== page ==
The dynamic and multi-purpose role that libraries fulfil for their users is able to be enhanced by the use of ‘Creative Commons’ as both a space and a stamp. Developed in 2001, ‘Creative Commons’ is a way to address the licensing of intellectual property, so that the creator can choose which rights they would prefer for their material (Waters, 2013, para. 3). This material involves images, videos, music, pieces of writing, in general terms it is anything produced by an author. If chosen the use can broaden out to levels of rights that involve the sharing of material and also modifying and adapting the intellectual content. If the ‘Commons’ is considered beyond a licensing logo it can have multiple applications for users, the items and the nature of social space. This is beyond just one-way communication, or the sharing of images for information, but extends to creating, “twisting” and shaping. This creative and connective process however is guided by the “CC” certification, and this ensures that copyright infringement does not occur without proper permission (Waters, 2013, para. 5).
Libraries serve as a space for materials and users to interact, both in an online and physical environment. Particular roles of a library are determined by the users, however generally it involves the retrieval of items, and the sharing of information and learning of knowledge. As stated by Educause, it encourages a, “A climate of openness and sharing” (2007, p. 1). The possible consequences therefore of the licensing of materials by ‘Creative Commons’ could allow for this to be undertaken in a more collaborative way, such as for education purposes, community interaction for the sharing of opinions, activities, and to preserve historical material. One particular example is in relation to the facilitation of learning experiences. It has been recognised by research that play-based and collaborative experiences are effective learning strategies. For example, it can motivate, address difficult concepts, assist discovery and also benefit personal development through encouraging both communication and teamwork skills (Pivec, 2005, para. 6).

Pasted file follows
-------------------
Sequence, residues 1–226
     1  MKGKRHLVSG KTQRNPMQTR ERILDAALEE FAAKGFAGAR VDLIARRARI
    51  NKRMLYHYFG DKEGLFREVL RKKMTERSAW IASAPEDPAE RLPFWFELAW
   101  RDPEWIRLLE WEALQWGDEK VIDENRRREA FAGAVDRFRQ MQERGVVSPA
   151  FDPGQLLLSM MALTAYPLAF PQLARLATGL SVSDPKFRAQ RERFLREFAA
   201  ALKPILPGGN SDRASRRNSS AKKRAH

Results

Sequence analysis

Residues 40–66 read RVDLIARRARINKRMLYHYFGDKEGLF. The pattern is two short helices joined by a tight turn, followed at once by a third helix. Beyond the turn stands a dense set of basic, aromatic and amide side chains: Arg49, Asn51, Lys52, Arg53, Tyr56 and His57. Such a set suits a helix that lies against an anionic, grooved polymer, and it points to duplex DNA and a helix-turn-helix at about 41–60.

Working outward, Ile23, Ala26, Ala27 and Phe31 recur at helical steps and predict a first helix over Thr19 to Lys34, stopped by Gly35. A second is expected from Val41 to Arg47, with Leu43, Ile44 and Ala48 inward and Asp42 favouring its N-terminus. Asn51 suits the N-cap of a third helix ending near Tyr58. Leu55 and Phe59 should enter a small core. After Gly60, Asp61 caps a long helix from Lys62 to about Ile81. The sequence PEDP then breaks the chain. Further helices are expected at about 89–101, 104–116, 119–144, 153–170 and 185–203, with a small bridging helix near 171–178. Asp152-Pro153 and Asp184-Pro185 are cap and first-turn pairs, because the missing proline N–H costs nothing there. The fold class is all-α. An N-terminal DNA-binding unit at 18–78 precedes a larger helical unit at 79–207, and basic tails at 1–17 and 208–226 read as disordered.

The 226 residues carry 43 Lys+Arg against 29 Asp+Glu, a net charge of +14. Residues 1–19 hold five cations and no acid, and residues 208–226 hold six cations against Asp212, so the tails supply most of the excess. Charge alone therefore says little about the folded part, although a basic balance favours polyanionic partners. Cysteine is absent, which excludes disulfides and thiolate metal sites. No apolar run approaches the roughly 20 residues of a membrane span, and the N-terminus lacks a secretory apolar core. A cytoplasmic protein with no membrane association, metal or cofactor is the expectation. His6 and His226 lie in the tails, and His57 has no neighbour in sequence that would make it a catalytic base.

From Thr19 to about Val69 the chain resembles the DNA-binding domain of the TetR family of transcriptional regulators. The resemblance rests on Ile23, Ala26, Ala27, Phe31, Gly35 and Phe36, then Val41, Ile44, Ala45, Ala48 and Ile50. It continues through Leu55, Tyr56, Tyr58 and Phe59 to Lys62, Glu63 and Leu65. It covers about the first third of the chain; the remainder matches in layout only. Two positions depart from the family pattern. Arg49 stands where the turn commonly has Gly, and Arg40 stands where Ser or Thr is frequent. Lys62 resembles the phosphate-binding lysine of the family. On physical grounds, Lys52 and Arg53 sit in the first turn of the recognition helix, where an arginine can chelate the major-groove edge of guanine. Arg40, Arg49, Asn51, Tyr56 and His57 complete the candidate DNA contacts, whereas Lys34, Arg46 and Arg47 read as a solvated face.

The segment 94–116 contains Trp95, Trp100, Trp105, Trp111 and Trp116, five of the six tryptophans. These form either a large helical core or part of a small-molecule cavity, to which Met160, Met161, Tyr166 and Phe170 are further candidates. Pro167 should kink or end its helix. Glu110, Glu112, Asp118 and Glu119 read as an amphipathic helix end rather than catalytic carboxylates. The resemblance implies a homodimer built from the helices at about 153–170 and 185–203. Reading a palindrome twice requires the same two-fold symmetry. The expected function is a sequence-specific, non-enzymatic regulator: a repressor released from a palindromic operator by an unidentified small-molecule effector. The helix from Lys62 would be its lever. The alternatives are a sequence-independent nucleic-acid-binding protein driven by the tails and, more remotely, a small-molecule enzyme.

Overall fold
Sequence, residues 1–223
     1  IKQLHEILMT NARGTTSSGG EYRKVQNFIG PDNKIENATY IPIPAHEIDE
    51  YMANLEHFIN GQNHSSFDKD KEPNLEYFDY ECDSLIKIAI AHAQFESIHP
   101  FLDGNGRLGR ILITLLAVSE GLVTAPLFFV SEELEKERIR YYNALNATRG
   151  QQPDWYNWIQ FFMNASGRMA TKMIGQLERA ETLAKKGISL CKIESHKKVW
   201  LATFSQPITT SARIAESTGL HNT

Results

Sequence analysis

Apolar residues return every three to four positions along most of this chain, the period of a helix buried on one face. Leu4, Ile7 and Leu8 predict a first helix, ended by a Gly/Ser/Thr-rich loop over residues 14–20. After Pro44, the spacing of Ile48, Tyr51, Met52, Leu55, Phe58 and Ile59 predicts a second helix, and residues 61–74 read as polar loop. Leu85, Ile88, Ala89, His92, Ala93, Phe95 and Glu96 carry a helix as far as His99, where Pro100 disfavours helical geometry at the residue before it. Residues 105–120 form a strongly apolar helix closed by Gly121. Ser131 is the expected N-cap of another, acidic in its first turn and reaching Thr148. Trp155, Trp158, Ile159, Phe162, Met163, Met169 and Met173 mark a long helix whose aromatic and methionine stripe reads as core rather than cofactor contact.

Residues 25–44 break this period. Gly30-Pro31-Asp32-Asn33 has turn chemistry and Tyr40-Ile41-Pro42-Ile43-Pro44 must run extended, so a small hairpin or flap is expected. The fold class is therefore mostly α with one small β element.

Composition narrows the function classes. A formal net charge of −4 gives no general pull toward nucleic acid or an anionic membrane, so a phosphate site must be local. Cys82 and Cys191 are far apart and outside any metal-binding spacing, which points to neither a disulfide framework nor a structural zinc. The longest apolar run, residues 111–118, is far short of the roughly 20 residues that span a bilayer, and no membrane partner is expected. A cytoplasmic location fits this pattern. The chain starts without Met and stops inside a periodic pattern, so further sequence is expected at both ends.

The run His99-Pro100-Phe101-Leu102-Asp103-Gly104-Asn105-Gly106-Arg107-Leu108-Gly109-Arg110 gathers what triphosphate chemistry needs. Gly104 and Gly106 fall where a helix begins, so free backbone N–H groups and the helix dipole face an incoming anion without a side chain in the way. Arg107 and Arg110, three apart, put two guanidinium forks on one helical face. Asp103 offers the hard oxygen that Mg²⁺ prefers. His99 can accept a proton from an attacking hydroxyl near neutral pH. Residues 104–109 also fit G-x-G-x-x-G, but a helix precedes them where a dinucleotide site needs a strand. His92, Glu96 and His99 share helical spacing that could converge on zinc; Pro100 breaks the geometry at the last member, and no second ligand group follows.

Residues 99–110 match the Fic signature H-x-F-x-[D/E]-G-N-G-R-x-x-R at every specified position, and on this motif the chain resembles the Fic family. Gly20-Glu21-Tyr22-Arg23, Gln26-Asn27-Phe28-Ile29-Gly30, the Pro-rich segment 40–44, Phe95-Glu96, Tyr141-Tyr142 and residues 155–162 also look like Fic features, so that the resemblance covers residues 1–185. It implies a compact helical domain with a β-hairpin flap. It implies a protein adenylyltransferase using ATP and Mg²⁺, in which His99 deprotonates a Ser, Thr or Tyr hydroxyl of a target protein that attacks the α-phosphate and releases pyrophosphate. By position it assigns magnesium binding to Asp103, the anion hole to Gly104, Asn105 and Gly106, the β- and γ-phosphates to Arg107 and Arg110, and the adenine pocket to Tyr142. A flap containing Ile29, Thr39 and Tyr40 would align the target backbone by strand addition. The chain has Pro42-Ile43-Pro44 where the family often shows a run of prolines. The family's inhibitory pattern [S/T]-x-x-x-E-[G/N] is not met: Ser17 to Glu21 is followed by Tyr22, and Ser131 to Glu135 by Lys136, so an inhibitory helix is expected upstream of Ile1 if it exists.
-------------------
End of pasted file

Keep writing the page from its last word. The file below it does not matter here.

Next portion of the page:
A library if often used as a secondary space for such learning. A couple of examples include after-school classes and activities and also as a centre for resources.
One example of collaborative work is developing a story, such as using graphic novel creating software for an English or LOTE (language other than English) project. This is based upon a real occurrence by the Calgary Science School which used this method for an inquiry (Connect, 2012, para. 2). If used in an online collaborative way ‘Creative Commons’ licensed works, which include images, audio-visual material, music, pieces of writing, can be built upon to create a unique creative piece that has benefits of learning. Additionally, by adapting and putting another perspective upon a piece of material legally it encourages creative, critical and the self-monitoring of your thoughts.
Beyond this however, ‘Creative Commons’ licensed material can provide awareness, be a social space for communication and improvement (Farkas, 2007, p. 42). For libraries, material therefore takes upon a role of being less something to read, but something to develop and use to incorporate various ideas and multiple concepts. For example, building upon an audio-visual material to place a new perspective upon it, like the concept of ‘Architecture’ could include software architecture, building architecture and other ideas that stem from this term. Furthermore, it can be a way to provide visual or audio feedback, create a joint work, encourage feelings of community, showcase accomplishments, and for recreation. Especially in a social space, whether online or not, libraries can facilitate this communication and it becomes a “hub” for individuals to share and learn from each other, while also being interesting and enjoyable.
Connect. (2012). Connect! The professional learning journal of the Calgary Science School: Creating graphic novels. Retrieved from http://calgaryscienceschool.blogspot.com.au/2011/03/creating-graphic-novels.html
Educause. (2007). Educause Learning Initiative: 7 things you should know about Creative Commons. Retrieved from http://net.educause.edu/ir/library/pdf/ELI7023.pdf
Farkas, M (2007). Pixels worth 1,000 words. American Libraries, 38(8), 42. Retrieved from http://search.proquest.com.ezp01.library.qut.edu.au/docview/197184381/fulltextPDF?accountid=13380
Pivec, M. (2005, July 11). The benefits of the game-based learning [Web log post]. Retrieved from http://elearningeuropa.info/en/article/The-benefits-of-the-game-based-learning
Waters, S. (2013, May 3). Activity 7: Fair use, copyright, and introduction to using images [Web log post]. Retrieved from http://teacherchallenge.edublogs.org/2012/08/20/activity-7-fair-use-copyright-and-introduction-to-using-images/